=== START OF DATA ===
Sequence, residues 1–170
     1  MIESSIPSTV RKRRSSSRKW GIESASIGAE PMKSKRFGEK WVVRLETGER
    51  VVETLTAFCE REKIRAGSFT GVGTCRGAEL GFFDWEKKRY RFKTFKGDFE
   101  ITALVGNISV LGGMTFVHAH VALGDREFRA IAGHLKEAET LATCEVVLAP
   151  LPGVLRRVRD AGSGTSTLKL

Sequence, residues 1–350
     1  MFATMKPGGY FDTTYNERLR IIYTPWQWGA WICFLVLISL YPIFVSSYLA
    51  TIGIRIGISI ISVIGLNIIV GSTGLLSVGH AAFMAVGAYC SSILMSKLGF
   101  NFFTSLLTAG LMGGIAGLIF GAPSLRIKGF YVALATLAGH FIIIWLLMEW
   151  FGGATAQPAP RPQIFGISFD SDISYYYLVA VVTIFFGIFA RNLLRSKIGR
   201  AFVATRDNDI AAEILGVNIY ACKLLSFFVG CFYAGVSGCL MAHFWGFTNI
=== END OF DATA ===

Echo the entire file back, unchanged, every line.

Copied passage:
Sequence, residues 1–170
     1  MIESSIPSTV RKRRSSSRKW GIESASIGAE PMKSKRFGEK WVVRLETGER
    51  VVETLTAFCE REKIRAGSFT GVGTCRGAEL GFFDWEKKRY RFKTFKGDFE
   101  ITALVGNISV LGGMTFVHAH VALGDREFRA IAGHLKEAET LATCEVVLAP
   151  LPGVLRRVRD AGSGTSTLKL

Sequence, residues 1–350
     1  MFATMKPGGY FDTTYNERLR IIYTPWQWGA WICFLVLISL YPIFVSSYLA
    51  TIGIRIGISI ISVIGLNIIV GSTGLLSVGH AAFMAVGAYC SSILMSKLGF
   101  NFFTSLLTAG LMGGIAGLIF GAPSLRIKGF YVALATLAGH FIIIWLLMEW
   151  FGGATAQPAP RPQIFGISFD SDISYYYLVA VVTIFFGIFA RNLLRSKIGR
   201  AFVATRDNDI AAEILGVNIY ACKLLSFFVG CFYAGVSGCL MAHFWGFTNI